Today we hit the one-week-to-go mark in the Senate, with just a few more days of formal sessions left until the Legislature breaks for the year. After midnight on July 31, the House and Senate will only meet in informal sessions until we return next January, which means any bill that is even remotely controversial must pass this week, or die until next session. (A single legislator can block the movement of any bill in informal session).
A week may seem like a short amount of time, but in fact an enormous amount of work traditionally gets done in this final week of session. We will likely be here late into the night several times, and conference committees will continue to meet and report out bills until the very end. As the old adage goes, “Nothing ever gets done until the last minute” – and that certainly is the case this time of year!
Here’s a brief summary of the bills I’m working to see passed in this final week:
Energy Bill: An excellent bill that improves and updates the Green Communities Act and calls for changes to make utilities more responsive to customers and price concerns passed the Senate earlier this spring. The final details are the bill are currently being worked out in a Conference Committee. I’m hoping to see this bill brought to the floor for final passage soon, and I’m advocating that it include “Net Metering” provisions passed by the House and Senate that would double the net metering cap and make it easier for residents and businesses to install solar panels by requiring utilities to purchase more alternative energy.
Foreclosure Bill: Another important bill currently in conference is anti-foreclosure legislation aimed at preventing unnecessary and unlawful foreclosures, reducing the number of abandoned properties across the Commonwealth and helping to remove one of the biggest remaining barriers to our ongoing economic recovery. In particular, I’m focused on making sure the final bill includes a provision from the Senate version that gives borrowers the right to go into mediation with lenders prior to foreclosure proceedings to work out renegotiated loan terms through a neutral third-party.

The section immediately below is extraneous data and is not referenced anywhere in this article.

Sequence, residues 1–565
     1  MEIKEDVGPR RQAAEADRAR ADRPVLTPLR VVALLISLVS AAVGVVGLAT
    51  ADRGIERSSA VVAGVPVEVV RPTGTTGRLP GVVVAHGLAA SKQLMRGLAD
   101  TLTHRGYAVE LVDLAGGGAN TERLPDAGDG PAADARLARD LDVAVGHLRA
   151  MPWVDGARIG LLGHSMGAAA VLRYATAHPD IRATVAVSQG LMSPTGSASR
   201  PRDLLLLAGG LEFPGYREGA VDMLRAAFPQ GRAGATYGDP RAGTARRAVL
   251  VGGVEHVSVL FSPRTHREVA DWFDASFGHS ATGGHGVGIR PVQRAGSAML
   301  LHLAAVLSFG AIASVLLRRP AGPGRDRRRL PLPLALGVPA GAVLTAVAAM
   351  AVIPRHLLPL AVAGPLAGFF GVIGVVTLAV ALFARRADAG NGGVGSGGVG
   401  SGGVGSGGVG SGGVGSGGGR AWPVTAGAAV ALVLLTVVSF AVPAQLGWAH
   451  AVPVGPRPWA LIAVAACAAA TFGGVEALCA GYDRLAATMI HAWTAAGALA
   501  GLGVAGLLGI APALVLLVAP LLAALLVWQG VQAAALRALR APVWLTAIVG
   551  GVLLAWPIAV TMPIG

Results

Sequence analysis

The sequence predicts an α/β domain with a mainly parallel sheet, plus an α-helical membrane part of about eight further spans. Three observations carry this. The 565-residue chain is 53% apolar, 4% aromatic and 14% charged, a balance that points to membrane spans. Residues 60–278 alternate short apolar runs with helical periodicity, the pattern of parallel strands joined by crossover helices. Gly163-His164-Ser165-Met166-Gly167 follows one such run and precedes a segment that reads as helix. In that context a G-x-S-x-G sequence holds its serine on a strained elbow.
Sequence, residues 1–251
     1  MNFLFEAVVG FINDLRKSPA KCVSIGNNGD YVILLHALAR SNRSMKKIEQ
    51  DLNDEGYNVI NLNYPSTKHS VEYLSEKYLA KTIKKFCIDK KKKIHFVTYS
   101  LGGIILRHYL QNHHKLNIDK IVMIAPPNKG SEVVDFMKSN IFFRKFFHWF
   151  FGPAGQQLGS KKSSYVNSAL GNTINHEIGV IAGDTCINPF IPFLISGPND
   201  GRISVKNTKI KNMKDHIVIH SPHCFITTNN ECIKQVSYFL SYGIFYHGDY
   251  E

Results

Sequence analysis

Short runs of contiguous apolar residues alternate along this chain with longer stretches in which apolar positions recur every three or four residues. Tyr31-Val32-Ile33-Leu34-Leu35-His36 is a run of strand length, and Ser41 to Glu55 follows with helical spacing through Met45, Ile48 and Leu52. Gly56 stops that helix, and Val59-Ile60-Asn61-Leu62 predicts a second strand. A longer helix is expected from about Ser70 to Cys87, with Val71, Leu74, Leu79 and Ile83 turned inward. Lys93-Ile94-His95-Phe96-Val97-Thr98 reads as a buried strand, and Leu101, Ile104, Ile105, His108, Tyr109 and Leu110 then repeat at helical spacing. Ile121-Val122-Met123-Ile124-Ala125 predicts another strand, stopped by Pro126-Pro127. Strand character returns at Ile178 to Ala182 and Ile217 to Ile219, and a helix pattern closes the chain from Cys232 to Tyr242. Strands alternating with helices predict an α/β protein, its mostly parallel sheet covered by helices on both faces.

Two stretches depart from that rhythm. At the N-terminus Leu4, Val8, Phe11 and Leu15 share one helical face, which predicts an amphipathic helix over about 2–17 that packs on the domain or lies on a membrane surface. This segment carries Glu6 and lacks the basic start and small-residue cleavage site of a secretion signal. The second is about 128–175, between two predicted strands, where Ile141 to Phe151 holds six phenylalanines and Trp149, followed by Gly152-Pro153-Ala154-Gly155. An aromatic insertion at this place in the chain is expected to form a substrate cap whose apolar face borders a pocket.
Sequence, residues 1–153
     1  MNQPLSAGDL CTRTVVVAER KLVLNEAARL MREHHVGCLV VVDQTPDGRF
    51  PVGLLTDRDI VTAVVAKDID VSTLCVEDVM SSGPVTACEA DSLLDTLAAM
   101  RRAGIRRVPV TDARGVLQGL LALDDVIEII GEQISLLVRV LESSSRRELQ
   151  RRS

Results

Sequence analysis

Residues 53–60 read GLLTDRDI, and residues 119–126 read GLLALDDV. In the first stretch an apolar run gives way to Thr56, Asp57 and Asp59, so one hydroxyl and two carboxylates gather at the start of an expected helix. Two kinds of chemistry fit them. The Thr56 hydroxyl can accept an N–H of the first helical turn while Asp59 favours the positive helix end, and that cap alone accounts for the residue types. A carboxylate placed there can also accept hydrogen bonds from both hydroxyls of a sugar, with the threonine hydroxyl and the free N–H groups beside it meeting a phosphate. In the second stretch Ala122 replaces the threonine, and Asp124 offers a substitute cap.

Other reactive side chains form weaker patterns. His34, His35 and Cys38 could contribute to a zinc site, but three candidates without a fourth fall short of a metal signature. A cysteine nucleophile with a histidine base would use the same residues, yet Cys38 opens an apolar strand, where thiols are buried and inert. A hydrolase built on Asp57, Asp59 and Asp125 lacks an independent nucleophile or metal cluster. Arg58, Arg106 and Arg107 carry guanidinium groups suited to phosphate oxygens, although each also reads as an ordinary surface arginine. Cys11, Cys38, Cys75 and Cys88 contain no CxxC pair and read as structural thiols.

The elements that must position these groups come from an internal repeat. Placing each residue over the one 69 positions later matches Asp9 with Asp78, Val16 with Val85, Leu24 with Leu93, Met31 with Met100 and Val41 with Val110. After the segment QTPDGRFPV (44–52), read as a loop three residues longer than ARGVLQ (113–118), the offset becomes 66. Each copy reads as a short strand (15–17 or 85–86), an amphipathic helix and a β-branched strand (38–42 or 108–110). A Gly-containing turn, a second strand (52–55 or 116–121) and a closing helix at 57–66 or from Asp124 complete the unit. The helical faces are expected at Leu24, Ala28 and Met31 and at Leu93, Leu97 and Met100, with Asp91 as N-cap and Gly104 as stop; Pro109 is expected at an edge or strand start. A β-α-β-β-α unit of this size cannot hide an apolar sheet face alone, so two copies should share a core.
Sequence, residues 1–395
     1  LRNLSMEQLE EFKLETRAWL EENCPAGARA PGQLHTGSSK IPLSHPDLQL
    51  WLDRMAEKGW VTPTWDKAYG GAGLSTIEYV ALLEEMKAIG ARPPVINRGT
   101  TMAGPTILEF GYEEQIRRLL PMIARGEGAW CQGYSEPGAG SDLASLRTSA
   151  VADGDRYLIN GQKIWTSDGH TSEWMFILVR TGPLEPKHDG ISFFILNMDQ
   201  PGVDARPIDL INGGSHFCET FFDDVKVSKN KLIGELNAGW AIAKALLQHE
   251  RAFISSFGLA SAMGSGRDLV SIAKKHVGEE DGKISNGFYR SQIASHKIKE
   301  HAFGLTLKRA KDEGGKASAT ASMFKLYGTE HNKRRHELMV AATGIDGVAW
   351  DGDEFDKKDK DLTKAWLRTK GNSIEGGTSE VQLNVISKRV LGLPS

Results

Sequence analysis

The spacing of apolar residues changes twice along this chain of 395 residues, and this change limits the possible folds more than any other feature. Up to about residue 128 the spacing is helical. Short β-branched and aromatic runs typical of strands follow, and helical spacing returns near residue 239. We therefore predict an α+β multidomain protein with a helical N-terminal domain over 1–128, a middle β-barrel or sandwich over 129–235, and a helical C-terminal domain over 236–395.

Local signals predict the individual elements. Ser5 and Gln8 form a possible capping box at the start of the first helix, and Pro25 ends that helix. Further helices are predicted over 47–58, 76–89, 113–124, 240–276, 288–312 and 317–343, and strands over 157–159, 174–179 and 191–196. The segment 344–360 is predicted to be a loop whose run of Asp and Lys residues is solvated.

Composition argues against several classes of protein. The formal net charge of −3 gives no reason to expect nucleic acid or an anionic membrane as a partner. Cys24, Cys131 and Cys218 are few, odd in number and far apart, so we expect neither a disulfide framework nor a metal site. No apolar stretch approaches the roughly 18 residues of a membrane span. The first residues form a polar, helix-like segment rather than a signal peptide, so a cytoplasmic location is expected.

Citizens United: This Thursday, the Senate is scheduled to take up the resolution I’ve sponsored calling upon Congress to send to the states an amendment correcting the disastrous Citizens United decision (after several procedural delays from the Republican Minority Leader over the past few weeks).
I’m also still working to pass the Disclose bill (S304) I’ve filed that would increase disclosure of corporate political spending at the state level. That bill — which was just reported out of committee this afternoon! — has gained a significant amount of bipartisan support. I’m hopeful we can pass it and put the new disclosure rules in place in time for this fall’s elections so the public will know if a corporation decides to spend money to influence an election.
Election Reform: A few weeks ago the House passed an Election Reform bill that would allow for pre-registration for 16 and 17 year olds, put voter registration forms online in PDF format, and require regular randomized election audits to ensure the integrity of our voting machine and processes. I am a strong supporter of this bill and advocating for it the Senate to bring it up this week so it can be passed into law.
In addition to these priorities, two other important bills are currently in conference: the Health Care Cost Control Bill and the Jobs bill passed by the Senate last week. I’m hoping to see good bills emerge from both of those committees and be brought to the floor for passage by the end of session.